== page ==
Figure Explanatory model of the independent variables divided into blocks and order of input of the factors in the logistic regression analysis. 

Logistic regression analysis was used to verify the associations of independent variables with low birthweight. The associated factors that presented p-value below 0.20 in the bivariate analysis per block were considered eligible to compose the multivariate models. Logistic regression analysis was performed according to the order of entry: first the socioeconomic, demographic and environmental factors (block 1), followed by reproductive factors (block 2), behavioral factors (block 3), factors related to health care during prenatal care and childbirth (block 4) and, finally, factors related to maternal diseases (block 5), according to Figure 1. The previously selected variables were submitted to the new multivariate analysis, using p-value below 0.05 as a parameter for permanence in the final model. The research was approved by the Ethics and Research Committee on Human Beings (CAAE 61055716.4.0000.5147), being conducted within the required ethical standards.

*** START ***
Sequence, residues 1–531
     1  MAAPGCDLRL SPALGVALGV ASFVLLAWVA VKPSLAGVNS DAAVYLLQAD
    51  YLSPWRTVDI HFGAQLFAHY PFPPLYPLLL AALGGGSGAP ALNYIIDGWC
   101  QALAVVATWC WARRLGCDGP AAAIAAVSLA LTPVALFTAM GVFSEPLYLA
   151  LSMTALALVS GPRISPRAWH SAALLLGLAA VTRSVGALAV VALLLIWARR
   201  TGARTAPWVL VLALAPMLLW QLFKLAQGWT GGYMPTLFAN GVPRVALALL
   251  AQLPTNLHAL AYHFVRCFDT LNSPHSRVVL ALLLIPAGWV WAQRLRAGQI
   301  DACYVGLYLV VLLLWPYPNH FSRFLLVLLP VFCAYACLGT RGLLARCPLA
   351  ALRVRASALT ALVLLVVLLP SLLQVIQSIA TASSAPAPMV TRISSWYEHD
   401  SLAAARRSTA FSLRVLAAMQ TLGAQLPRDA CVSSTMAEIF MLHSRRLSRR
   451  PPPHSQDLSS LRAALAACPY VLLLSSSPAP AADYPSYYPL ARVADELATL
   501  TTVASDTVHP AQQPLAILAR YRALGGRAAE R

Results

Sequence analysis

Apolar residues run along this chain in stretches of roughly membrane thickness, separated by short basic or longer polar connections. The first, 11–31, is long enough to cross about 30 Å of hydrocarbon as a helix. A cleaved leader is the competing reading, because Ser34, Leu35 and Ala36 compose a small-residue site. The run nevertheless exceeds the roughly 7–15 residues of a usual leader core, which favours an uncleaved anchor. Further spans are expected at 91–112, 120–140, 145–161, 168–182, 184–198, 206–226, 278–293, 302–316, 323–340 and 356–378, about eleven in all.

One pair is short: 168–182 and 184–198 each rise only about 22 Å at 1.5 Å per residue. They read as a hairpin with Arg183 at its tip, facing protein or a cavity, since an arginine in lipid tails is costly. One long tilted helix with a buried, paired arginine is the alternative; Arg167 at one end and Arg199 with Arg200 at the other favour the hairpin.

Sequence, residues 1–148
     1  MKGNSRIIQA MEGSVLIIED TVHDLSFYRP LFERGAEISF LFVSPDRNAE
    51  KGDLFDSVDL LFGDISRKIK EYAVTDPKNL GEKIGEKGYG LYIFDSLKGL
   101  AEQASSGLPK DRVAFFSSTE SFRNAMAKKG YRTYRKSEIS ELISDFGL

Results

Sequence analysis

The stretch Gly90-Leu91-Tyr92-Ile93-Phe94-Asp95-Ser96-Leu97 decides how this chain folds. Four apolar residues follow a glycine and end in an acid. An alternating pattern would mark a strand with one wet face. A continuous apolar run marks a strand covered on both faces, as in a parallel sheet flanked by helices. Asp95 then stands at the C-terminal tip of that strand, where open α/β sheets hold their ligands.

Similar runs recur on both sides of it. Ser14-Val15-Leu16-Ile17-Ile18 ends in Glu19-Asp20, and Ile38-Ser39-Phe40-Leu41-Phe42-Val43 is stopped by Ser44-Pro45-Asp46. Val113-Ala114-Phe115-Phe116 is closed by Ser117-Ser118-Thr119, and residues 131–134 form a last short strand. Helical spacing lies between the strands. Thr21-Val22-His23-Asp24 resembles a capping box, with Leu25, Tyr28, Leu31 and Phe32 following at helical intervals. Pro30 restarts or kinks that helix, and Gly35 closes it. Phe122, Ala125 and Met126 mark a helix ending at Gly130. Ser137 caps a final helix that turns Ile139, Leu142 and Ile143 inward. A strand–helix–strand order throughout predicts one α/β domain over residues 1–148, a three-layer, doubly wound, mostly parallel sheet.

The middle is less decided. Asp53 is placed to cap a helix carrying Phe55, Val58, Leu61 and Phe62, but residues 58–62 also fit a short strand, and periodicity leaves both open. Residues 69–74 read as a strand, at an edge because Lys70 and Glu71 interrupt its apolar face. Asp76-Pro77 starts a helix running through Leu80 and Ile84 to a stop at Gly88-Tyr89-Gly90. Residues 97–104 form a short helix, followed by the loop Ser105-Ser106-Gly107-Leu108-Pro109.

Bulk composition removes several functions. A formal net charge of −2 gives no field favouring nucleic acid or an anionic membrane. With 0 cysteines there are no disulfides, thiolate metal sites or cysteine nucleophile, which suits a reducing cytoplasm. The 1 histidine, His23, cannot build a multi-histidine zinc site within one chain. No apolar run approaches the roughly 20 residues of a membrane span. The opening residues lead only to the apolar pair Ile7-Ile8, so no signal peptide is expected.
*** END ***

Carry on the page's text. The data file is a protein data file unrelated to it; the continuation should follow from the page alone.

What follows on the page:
RESULTS

The study included 65 live births belonging to the case group and 130 to the control group. We excluded a case of low birthweight with a diagnosis of genetic syndrome and 18 cases that did not have their respective controls. Nine puerperal women did not agree to participate.

Of the participant live births, 118 (60.5%) had mothers living in Governador Valadares and 23 (11.8%) in other eight neighboring municipalities that were also hit by the mud. The remaining 54 live births (27.7%) had mothers who lived in neighboring municipalities not affected by the disaster.

There was a predominance of mineral water consumption during pregnancy (38.5%), but 23% of the puerperal women consumed water from a well, mine or cistern while pregnant. The others consumed the water supplied by the municipality of Governador Valadares (14.9%), from the other municipalities affected by mud (7.7%) and unaffected municipalities (15.9%). The only variable, among the socioeconomic, demographic and environmental factors, that presented a significant association with low birthweight in the bivariate analysis was “water consumed during pregnancy” (p = 0.008), as observed in Table 1 .

Table 1 Number of cases and controls, odds ratio, 95% confidence interval and p-value for socioeconomic, demographic and environmental factors (section 1). 

Variables Cases (n = 65) Controls (n = 130) OR 95%CI p


n % n %
Mother’s schooling level
Incomplete high school or under grade 32 49.2 63 48.5 Ref
Complete high school or superior grade 33 50.8 67 51.5 0.970 0.535–1.759 0.919
Mother’s age
< 20 years or ≥ 35 years 17 26.2 40 30.8 Ref -
20 to 34 years 48 73.8 90 69.2 1.255 0.644–2.445 0.504
Mother’s race
White 11 16.9 18 13.8 Ref -